Using an oxazolone-induced allergic contact dermatitis model in mice, Bertelsen and colleagues monitored inflammatory responses in wild-type and MSK1/2 double knockout mice. They found increased signs of inflammation in the MSK1/2 deficient mice compared to wild-type littermates, which was manifested by increased ear thickness and inflammatory histological changes, elevated infiltration of neutrophils (higher myeloperoxidase activity) in the skin, higher TNF-α, IL-1β, and IL-6 mRNA and protein levels, more pronounced infiltration of CD4+ and CD8+ T cells, and augmented thymus and activation regulation chemokine (TARC, a chemokine implicated in skin inflammation) transcript levels . Accordingly, phorbol-ester treatment also resulted in a sustained and elevated inflammatory response in the skin of MSK1/2 deficient mice compared with wild-type mice, suggesting that MSK1/2 are required to reduce inflammation in chronic inflammatory skin diseases . The mechanism by which lack of MSK1/2 results in elevated inflammatory responses after oxazolone treatment remains unknown because no differences in IL-10 and DUSP1 expression were measured between wild-type and double knockout mice . IL-10 (by inhibiting expression of the pro-inflammatory cytokine IL-6) and DUSP1 (by inactivating p38MAPK) both exert anti-inflammatory effects . Despite the more pronounced inflammation in MSK1/2 deficient mice compared to wild-type mice in response to oxazolone, the levels of IL-6 and DUSP1 were similar in both groups of animals . Hence, the anti-inflammatory role of MSK1/2 in oxazolone treated mice seems to be DUSP1- and IL-10- independent.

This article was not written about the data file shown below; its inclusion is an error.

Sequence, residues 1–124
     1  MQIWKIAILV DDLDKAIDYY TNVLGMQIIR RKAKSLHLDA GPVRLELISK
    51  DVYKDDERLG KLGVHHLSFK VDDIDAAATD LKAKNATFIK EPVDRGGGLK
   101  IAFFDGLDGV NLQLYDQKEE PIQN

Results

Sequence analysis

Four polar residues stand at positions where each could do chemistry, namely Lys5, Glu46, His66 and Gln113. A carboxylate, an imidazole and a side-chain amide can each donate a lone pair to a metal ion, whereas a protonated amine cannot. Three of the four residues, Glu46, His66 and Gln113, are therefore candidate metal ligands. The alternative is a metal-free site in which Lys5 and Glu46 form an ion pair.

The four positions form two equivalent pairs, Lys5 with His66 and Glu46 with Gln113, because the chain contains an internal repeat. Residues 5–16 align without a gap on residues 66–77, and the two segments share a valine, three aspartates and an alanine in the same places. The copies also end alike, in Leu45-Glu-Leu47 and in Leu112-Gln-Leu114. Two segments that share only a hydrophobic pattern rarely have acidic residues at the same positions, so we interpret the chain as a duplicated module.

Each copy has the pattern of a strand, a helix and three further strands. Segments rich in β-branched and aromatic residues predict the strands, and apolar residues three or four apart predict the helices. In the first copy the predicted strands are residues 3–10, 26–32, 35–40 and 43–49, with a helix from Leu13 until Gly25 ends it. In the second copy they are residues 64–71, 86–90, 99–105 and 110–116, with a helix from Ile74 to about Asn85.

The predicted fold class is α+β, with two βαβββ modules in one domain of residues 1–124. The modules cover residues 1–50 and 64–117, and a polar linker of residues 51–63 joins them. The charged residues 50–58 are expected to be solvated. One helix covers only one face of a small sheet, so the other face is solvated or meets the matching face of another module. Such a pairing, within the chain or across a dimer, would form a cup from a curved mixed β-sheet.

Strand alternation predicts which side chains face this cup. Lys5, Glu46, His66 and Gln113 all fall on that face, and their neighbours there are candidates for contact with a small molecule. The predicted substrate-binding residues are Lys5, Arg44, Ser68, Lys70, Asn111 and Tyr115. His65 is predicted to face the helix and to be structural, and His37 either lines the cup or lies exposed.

In conclusion, because MSK1/2 target both pro- and anti-inflammatory genes, these protein kinases operate on a tight equilibrium of positive and negative feedback mechanisms in the immune system .
4. MNK and Inflammation